I got to school early the next year and one evening I was alone in my dorm room and when I wanted a snack, I realized that all the vending machines on campus were filled with junk food, not anything I was interested in eating anymore. A lightbulb went off. I thought “why aren’t there any healthy foods in vending machines”? And that gave birth to my business, which I called Urban Vendor. I did everything: Found locations, stocked and repaired the machines, made sales calls.

Appearing on “Dragons’ Den” in 2012 had a big impact on me. I was seeking $150,000 for 25 percent of the company to scale the business, but I didn’t get a deal.

Overall they liked the idea, and they said great things about us and convenient healthy vending, saying we were on trend, and complimenting us on our passion and purpose. We still use their quotes in our marketing materials.

Their critiques really got me thinking. With the business model I had at the time Urban Vendor wasn’t very scalable. And we had nothing that was proprietary. Today with KarmaBox we do, with our in-house location service, our trademarked brand and soon, with our new KarmaCloud software.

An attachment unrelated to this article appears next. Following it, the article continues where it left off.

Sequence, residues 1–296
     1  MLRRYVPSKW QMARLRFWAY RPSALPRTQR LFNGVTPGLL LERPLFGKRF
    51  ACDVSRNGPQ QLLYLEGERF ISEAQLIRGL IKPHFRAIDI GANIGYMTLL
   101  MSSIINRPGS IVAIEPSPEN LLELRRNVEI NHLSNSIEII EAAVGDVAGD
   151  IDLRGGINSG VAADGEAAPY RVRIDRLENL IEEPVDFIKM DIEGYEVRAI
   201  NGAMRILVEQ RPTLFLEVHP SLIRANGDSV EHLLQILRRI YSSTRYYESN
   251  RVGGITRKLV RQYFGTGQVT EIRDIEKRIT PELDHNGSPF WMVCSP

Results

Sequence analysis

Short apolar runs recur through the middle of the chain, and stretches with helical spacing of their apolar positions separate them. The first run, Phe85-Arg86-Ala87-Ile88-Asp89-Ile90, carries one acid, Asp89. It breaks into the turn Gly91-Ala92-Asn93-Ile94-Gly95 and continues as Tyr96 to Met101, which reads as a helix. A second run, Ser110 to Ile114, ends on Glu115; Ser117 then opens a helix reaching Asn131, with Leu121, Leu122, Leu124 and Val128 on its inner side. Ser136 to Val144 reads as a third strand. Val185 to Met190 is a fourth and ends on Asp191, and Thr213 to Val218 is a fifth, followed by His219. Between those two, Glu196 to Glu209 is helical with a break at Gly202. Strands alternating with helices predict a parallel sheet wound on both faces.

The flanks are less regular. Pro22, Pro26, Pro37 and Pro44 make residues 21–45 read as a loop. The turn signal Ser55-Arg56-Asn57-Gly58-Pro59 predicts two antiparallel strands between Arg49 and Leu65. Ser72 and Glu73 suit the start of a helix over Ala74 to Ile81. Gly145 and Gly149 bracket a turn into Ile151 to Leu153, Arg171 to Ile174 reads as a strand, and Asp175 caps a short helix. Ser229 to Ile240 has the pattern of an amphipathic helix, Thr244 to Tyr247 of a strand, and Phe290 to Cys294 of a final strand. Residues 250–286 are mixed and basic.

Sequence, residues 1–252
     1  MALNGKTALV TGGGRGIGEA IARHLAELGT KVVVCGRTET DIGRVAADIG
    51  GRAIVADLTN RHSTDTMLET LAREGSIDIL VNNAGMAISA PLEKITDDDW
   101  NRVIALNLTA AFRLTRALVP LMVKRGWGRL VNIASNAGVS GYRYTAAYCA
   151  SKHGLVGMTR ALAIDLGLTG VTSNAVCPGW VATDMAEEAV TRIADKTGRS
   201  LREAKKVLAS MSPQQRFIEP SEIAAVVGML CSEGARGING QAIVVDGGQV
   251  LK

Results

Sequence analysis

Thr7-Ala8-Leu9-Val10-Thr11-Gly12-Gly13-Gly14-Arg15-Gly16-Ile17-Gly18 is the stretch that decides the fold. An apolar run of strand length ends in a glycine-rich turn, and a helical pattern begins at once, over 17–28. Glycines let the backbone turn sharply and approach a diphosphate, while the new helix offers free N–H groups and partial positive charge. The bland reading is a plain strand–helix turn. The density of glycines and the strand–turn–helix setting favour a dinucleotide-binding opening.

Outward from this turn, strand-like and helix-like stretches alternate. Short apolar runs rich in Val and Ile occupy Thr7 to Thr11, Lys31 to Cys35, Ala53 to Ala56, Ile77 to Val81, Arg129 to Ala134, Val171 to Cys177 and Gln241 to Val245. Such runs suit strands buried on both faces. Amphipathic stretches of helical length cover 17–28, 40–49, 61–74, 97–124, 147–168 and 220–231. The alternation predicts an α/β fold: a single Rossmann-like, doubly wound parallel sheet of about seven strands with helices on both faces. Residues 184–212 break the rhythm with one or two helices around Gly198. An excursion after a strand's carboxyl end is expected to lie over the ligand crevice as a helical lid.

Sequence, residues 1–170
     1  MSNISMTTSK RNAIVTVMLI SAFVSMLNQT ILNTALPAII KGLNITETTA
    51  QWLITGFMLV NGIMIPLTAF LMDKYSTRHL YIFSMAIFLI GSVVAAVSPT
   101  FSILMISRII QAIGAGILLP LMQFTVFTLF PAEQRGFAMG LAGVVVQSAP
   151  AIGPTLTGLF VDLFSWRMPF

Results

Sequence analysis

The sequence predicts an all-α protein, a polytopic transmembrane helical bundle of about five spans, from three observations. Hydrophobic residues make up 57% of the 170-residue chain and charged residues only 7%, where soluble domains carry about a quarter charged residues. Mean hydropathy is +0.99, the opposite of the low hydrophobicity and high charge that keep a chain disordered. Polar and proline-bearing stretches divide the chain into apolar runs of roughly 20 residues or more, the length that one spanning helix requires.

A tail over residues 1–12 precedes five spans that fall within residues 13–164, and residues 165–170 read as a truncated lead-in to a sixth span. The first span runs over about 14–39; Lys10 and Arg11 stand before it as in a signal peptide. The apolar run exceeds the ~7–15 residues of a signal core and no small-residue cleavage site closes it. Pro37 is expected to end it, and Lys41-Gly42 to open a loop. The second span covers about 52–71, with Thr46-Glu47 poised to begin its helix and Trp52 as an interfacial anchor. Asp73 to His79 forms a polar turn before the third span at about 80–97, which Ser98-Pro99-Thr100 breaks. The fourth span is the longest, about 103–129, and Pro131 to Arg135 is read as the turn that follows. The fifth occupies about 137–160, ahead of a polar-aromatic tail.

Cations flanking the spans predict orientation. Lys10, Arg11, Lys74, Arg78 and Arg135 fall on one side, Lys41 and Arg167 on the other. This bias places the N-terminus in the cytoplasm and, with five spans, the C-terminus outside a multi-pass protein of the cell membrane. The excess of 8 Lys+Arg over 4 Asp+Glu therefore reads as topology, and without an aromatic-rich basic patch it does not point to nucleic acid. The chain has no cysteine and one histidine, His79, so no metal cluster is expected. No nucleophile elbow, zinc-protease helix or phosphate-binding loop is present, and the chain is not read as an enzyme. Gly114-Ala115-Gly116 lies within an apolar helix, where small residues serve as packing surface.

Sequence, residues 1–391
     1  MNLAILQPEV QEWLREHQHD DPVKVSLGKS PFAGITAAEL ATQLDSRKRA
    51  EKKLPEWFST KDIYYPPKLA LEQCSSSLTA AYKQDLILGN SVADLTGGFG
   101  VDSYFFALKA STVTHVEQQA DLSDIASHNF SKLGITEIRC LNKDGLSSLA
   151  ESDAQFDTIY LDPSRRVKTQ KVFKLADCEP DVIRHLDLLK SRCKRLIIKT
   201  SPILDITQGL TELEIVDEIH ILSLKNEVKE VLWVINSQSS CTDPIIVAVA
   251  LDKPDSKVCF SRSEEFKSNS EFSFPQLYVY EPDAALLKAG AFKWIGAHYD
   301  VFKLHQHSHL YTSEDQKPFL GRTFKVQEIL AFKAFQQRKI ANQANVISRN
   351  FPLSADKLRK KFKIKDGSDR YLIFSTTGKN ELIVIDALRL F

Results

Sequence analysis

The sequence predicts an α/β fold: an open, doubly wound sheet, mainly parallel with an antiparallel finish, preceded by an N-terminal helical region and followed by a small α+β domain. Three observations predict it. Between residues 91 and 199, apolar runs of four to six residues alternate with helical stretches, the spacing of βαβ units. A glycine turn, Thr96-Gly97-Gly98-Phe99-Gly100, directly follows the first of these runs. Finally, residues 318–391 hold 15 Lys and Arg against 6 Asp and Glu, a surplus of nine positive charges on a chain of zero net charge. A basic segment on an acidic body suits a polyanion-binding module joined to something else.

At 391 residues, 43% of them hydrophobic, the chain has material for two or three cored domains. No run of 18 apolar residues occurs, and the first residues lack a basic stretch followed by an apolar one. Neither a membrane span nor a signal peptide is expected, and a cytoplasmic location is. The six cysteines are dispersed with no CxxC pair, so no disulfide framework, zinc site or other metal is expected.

Without appearing on “Dragons’ Den” I don’t know where my business would be today. It gave me the confidence to go forward.

Explain some of the challenges associated with running a “healthy” vending machine company. 

An obstacle we come across when we are searching for locations is that sometimes people’s perceptions of healthy vending is completely wrong. People think they already have a healthy vending machine on their premises, but when you go and look at what they’re selling you might find baked Cheetos and Dasani, and the rest is all junk food. That, my friends, is not healthy vending!

Recent federal, state and local mandates even prohibit junk food vending in schools. We are in many high schools, but because you are working with a government agency those placements can take a while to make their way through the decision-making process.